How to avoid wasting wastewater
On the 22nd of March, the world celebrated World Water Day. This year's theme was wastewater and to mark the day, UNESCO and UN-Water (the United Nations inter-agency coordination mechanism for all freshwater related issues, including sanitation) released their annual World Water Development Report. A report entirely dedicated to wastewater; a neglected resource that has huge potential to reduce water scarcity.
Wastewater is a valuable and sustainable resource from which energy, nutrients (e.g. nitrogen, phosphorus) and other materials – most importantly clean water – can be recovered. However, as justifiably described in the report, wastewater remains an “untapped resource” in a world where water supplies are under constant and growing pressure, and supplies of resources essential to our lives and livelihoods (such as phosphorus) may run out within our lifetimes if alternative supply sources are not utilised. In this context, the reports highlighted the need to shift “the paradigm of wastewater management from ‘treatment and disposal’ to ‘reuse, recycle and resource recovery’”. And therefore, that wastewater “no longer is seen as a problem in need of a solution, rather it is part of the solution to challenges that societies are facing today.”
What actions are we taking?
In Europe, the implementation of the Urban Waste Water Treatment Directive and other major pieces of legislation including the EU Water Framework Directive drove significant improvements in wastewater treatment, helping to protect surface waters from the effects of wastewater discharges. For example, the European Environment Agency (EEA) reports that approximately 80% of the Northern and Southern European population is now connected to a wastewater treatment plant. However, major challenges remain in a territory where it is estimated that at least 11% of the population is affected by water scarcity and the demand for freshwater from the general population and industry is constantly on the rise, resulting in over abstraction of groundwater resources in 60% of European cities.
In an effort to tackle these challenges, the EU has called for a transition towards a more circular economy, highlighting the needs to revise water management strategies by including wastewater reuse as a “means of increasing water supply and alleviating pressure on resources” and encouraging investment in innovative new solutions to do so.
Working together to deliver change
In this context, a multinational, multi-institutional EU project called “DEMOWARE” was launched, delivering its results in December last year. Through the monitoring and testing of ten representative water reuse sites from across Europe and Israel, the project’s ambition was to enhance the availability and reliability of innovative water reuse solutions to overcome technological, economic and social barriers to the development and implementation of water reuse schemes. This collaborative project demonstrated the technical feasibility of a number of innovative technologies for water reclamation, such as next generation ultrafiltration and reverse osmosis membranes for industrial reuse. It also helped to establish recommendations for regulatory frameworks and business models that will contribute to the development of the water reuse sector in the future.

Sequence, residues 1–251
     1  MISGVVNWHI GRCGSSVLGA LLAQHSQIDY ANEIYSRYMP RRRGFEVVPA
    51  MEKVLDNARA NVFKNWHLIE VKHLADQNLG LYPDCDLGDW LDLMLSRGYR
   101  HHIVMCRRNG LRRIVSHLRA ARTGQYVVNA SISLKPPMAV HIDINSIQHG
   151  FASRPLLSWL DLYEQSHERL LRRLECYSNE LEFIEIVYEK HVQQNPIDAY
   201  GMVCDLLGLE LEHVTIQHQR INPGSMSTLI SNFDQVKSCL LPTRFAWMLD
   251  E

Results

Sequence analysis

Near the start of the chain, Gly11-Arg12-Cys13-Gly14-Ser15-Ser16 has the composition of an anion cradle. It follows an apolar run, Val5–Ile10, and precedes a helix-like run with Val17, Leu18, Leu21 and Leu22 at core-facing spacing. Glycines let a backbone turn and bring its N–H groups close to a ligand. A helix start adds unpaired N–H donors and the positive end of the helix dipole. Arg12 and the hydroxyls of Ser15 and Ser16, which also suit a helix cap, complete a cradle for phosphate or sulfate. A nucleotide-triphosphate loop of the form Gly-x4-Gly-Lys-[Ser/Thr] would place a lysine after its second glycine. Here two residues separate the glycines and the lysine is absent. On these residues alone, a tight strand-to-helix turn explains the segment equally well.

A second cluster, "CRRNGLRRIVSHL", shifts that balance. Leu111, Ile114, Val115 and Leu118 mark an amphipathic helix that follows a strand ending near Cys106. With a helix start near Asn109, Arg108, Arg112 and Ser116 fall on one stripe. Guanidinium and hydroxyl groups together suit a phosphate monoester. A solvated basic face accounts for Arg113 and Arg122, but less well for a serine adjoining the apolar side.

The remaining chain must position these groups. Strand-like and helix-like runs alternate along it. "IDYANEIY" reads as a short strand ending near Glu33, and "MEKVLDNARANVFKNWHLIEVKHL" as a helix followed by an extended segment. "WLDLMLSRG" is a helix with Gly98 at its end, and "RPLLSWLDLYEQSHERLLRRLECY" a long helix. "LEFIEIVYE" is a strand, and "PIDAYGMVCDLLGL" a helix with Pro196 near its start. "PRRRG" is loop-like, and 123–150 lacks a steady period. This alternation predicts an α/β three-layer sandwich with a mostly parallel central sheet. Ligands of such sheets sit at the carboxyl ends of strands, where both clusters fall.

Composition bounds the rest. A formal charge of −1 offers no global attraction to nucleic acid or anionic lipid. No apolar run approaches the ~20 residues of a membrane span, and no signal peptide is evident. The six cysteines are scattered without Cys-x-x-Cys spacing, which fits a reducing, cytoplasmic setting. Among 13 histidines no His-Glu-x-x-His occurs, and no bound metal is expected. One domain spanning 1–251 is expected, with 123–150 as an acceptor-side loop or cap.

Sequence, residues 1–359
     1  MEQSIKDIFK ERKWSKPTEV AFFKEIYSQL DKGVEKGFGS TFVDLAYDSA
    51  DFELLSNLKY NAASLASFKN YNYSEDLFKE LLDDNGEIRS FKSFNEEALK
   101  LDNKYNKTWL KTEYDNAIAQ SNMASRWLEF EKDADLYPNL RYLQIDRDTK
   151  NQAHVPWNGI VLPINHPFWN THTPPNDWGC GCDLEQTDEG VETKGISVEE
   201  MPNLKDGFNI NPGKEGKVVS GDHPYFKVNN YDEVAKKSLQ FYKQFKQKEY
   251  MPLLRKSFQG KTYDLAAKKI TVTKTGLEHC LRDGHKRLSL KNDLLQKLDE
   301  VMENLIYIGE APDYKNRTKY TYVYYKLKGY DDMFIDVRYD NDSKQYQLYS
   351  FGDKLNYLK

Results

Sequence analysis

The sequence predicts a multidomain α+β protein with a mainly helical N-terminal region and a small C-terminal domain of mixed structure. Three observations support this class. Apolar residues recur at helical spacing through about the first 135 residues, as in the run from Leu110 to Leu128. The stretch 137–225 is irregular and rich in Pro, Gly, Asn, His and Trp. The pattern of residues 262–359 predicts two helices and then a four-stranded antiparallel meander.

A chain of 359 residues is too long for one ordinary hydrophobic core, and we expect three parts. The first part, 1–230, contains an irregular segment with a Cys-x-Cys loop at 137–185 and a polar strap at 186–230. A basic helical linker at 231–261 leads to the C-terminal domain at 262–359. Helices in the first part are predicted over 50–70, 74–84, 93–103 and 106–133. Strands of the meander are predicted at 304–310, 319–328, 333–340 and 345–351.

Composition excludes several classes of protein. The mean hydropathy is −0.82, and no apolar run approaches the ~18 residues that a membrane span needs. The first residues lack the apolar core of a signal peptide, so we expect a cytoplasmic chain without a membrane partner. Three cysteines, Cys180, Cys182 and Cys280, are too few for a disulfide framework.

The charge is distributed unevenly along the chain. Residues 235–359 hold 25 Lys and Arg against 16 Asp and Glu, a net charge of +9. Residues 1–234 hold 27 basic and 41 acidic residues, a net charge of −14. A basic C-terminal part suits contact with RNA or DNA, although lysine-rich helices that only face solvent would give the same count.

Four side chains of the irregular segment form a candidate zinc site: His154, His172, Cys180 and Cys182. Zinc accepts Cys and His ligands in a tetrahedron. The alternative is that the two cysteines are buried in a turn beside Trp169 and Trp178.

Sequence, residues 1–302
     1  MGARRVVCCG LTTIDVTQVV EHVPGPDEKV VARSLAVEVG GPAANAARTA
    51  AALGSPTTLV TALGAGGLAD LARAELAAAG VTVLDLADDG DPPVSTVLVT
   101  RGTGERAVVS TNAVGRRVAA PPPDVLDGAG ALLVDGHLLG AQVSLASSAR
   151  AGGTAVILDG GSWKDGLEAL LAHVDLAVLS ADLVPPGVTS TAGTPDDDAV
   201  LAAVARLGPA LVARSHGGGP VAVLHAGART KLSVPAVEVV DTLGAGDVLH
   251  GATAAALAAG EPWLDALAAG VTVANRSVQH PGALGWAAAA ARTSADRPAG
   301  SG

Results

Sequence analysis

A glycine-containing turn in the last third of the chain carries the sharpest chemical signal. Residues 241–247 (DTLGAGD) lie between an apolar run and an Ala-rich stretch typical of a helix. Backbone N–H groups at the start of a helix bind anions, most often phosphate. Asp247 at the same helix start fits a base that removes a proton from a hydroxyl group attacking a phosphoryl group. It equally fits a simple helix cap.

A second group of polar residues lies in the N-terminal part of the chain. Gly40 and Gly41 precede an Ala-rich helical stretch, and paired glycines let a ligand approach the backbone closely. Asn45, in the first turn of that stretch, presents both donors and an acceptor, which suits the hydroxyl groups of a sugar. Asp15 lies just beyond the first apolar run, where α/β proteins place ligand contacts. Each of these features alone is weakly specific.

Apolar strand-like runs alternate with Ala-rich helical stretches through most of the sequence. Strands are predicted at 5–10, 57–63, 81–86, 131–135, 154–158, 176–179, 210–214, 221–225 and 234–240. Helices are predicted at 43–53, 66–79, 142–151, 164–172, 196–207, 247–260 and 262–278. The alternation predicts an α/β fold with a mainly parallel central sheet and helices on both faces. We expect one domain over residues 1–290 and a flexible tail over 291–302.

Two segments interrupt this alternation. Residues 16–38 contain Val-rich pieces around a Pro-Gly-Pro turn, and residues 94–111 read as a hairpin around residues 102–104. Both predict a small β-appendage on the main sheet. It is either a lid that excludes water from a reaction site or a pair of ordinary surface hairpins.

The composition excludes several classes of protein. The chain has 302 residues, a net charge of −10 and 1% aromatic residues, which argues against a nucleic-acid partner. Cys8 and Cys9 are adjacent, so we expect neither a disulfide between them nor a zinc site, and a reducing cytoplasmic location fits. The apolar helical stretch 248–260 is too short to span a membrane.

A new industry association for the water reuse sector
Perhaps the most high-profile outcome of the DEMOWARE project was the development and launch of Water Reuse Europe (WRE), a new industry association for the water reuse sector in Europe.
Officially launched in September 2016, WRE is an independent, not-for-profit company that’s on a mission to create a collective identity for the European water reuse sector and promote an innovative and dynamic water reuse industry. It represents the European water reuse sector’s interests, views, and aspirations and stimulates the growth and competitiveness of the sector through a range of initiatives, supporting its members by facilitating knowledge sharing and promoting European expertise and solutions in water reuse to global markets. Crucially, it also aims to raise public awareness and trust in water reuse practices, promoting the safe and effective use of recycled water. By assembling and summarising evidence and opinion from its members, WRE aims to play an important role in shaping any future EU legislation on water reuse.
So in a world increasingly faced by water resource challenges and surging demand, it is vital that we act collaboratively and imaginatively across disciplines and borders to resolve real-world problems such as water scarcity for ourselves and future generations. For this, new technologies and regulations are required, but more importantly we need a new mindset; we need to apply circular economy principles, which means promoting wastewater recycling and making it become the norm.
During its first few months WRE has already made a positive impact on the sector. It has received membership applications from SME’s, large multinationals, and a variety of public bodies, which all believe in the association’s ambition to make water reuse part of the solution for more sustainable water management across the continent. Encouraged by this success, the association now hopes to welcome over 100 delegates to its first conference and exhibition on Innovations in Water Reuse that will take place in Bruges, Belgium, on the 9th and 10th of October later this year.
By Dr Kristell Le Corre Pidou, Research Fellow in Water Reuse, Cranfield Water Science Institute
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